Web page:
What were the specific goals of this creative economy project? Describe the community development challenge or opportunity that your project was designed to address:
The most recent cultural plan for Portland was published in 1998, nearly 20 years before the beginning of this project. Portland had changed dramatically over that time and it has been necessary to re-assess community needs, gaps, and opportunities. Our cultural planning goal was to assess where we are today and to take advantage of alignments of missions, goals, and interests of arts and cultural organizations, city agencies, and stakeholders to make the best use of community assets and achieve ambitious goals of sustainability practices for the creative community. A purpose statement and goal identified by the community in Phase 1 was to “make the collective arts, culture, and creative economy of Portland more visible and provide more support to arts organizations, individuals and creative businesses through collaborations and other means.” Goals for Phase 2 were twofold: 1) reach agreement among the various constituent groups on key issues brought up in Phase 1 and share a draft working agenda with a broader group for input and buy-in, and 2) engage steering committee members to assess data, highlight community progress addressing strategic priorities, and incorporate feedback from workgroup leaders in a living Action Plan with recommendations for tackling those strategies. A written document will be presented for approval by the City Council, which will make Creative Portland eligible to apply for a $75,000 implementation grant (disbursed over three years) from the Maine Arts Commission to address one of the strategies identified in the planning process.
Who was involved in this project and what did they do? (be sure to include the partners from outside of the creative sector and how local voices were included):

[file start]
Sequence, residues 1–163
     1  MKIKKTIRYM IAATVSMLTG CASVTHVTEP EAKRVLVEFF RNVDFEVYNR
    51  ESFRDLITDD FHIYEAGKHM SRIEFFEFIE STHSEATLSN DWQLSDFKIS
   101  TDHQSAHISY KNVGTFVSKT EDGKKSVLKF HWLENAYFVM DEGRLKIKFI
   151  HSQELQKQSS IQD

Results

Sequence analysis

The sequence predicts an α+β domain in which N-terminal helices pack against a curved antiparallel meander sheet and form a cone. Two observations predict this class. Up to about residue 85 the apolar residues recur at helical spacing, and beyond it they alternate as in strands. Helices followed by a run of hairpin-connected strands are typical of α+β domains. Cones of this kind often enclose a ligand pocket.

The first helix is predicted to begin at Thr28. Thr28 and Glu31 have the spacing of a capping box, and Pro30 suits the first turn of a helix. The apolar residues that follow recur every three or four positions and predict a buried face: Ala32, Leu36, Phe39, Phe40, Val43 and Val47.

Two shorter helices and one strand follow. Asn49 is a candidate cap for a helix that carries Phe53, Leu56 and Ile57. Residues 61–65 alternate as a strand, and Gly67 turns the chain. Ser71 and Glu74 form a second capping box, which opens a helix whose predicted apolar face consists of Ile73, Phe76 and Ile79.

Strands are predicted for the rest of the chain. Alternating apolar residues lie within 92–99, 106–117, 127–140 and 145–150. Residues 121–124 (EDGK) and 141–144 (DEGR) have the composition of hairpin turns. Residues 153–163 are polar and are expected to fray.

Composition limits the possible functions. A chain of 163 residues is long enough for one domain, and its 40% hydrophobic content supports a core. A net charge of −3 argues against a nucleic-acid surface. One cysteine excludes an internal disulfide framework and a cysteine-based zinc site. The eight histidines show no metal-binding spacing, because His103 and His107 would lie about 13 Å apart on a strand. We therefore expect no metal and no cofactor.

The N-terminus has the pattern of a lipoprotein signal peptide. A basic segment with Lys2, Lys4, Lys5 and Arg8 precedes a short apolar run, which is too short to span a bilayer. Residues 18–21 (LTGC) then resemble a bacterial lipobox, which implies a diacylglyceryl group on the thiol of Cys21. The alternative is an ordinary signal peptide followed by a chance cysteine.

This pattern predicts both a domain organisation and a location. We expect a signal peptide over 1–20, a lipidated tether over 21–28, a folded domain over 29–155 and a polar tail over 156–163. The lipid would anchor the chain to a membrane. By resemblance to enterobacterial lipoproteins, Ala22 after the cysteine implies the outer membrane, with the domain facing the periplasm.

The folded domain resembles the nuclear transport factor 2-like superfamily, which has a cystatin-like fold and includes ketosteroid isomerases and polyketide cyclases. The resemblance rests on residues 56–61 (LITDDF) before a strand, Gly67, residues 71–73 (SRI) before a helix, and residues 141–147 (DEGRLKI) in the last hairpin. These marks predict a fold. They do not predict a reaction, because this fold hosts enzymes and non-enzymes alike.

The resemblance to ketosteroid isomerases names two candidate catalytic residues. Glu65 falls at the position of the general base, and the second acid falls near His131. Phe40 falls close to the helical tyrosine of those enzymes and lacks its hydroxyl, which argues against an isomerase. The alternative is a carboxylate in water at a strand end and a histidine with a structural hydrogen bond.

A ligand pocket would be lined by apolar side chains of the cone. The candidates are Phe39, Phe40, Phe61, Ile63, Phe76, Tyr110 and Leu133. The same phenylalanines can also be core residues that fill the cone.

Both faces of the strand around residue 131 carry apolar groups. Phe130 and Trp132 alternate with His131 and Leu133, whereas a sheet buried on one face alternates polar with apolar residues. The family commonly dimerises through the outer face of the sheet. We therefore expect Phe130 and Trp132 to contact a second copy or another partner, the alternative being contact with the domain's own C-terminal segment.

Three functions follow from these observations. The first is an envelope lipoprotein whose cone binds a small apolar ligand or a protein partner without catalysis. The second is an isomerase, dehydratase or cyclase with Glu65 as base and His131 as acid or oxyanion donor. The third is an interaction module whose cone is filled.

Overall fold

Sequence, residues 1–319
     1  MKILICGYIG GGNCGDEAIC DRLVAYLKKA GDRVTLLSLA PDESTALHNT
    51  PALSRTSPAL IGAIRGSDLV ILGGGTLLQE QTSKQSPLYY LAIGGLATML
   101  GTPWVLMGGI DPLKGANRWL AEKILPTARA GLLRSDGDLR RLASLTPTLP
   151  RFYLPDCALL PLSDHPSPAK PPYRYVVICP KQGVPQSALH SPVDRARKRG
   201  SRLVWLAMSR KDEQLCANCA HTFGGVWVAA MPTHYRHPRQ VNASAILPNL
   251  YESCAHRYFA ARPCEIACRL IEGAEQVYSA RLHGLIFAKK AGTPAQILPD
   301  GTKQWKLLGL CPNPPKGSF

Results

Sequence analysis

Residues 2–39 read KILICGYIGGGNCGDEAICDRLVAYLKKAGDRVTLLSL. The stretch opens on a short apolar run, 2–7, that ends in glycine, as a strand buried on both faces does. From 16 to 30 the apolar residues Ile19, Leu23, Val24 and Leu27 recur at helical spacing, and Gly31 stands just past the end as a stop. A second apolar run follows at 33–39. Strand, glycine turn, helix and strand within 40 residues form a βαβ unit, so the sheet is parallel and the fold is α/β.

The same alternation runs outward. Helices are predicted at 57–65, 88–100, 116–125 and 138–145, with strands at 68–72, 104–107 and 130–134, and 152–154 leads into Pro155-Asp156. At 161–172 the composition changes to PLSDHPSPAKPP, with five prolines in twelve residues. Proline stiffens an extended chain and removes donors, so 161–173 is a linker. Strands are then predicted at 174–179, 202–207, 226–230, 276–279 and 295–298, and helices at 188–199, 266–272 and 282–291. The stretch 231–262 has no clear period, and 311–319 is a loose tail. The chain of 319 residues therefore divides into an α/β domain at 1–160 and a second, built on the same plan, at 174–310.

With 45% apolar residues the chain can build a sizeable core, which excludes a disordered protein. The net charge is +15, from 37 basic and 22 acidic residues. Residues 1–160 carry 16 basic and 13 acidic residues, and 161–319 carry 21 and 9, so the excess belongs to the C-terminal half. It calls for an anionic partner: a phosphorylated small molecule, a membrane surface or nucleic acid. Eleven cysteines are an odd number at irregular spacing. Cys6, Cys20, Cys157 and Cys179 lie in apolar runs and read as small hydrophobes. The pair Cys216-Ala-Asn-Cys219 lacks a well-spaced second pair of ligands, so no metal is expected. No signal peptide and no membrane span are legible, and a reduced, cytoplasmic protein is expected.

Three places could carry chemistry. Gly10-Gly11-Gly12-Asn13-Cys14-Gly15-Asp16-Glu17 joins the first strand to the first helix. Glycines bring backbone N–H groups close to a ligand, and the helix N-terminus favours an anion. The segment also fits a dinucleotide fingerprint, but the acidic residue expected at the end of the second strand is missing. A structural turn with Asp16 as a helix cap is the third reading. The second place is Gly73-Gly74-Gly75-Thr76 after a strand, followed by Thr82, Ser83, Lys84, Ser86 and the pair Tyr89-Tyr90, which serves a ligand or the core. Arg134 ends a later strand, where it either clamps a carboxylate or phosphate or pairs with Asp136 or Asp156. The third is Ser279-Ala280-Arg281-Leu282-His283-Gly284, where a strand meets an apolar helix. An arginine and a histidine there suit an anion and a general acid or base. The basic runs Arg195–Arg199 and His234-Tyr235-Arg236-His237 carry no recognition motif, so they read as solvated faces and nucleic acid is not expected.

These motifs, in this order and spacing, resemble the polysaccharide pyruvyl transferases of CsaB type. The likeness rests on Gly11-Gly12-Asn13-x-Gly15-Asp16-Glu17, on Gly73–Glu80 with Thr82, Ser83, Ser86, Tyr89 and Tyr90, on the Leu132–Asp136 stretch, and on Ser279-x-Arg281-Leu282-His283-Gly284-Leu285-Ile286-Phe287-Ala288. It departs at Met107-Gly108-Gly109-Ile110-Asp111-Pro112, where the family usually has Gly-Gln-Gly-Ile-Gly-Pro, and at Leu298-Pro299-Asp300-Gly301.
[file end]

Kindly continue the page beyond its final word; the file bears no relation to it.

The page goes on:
Creative Portland hired CivicMoxie (a Boston-based planning, urban design, and placemaking consulting group) to carry out Phase 1 interviews, focus groups, and research into current strategic alignments of Portland’s cultural organizations. Those surveyed represented over 50 creative businesses, arts and cultural organizations, community activists, and city government departments. Three initiatives arose out of Phase 1 and each was led by a member of Portland’s creative community. Creative Portland staff planned and carried out the Phase 2 arts & culture summit with the help of many volunteers from the community. The final report was assembled by Creative Portland staff with input from steering committee members and key stakeholders representing Portland Public Library, the City of Portland Planning Department, USM’s Muskie School of Public Policy, and arts administrators who had been involved in the process for over two years.
How does this project relate to a larger community development strategy?
The City of Portland recently completed a comprehensive plan entitled Portland 2030, which was adopted unanimously by the City Council in June 2017. Members of the City’s planning department were included in all three stages of the cultural planning process, including giving a presentation at Phase 2’s arts & culture summit on where the arts and creative economy are incorporated into Portland 2030. Creative Portland also regularly participates in the Economic Development Steering Committee (EDSC) with the heads of the Economic Development Department, Portland Downtown, Visit Portland, and the Portland Regional Chamber of Commerce.
What projects or places, if any, inspired your approach to this creative economy project?
In Phase 1, prior work done in Portland over the past 20 years was reviewed, including the 1998 cultural plan and the first Creative Economy Summit held in 2008. Community workgroups that arose during Phase 2 looked at Meow Wolf in Santa Fe, New Mexico, and the Torpedo Factory Art Center in Alexandria, Virginia, for inspiration in the pursuit of an art center.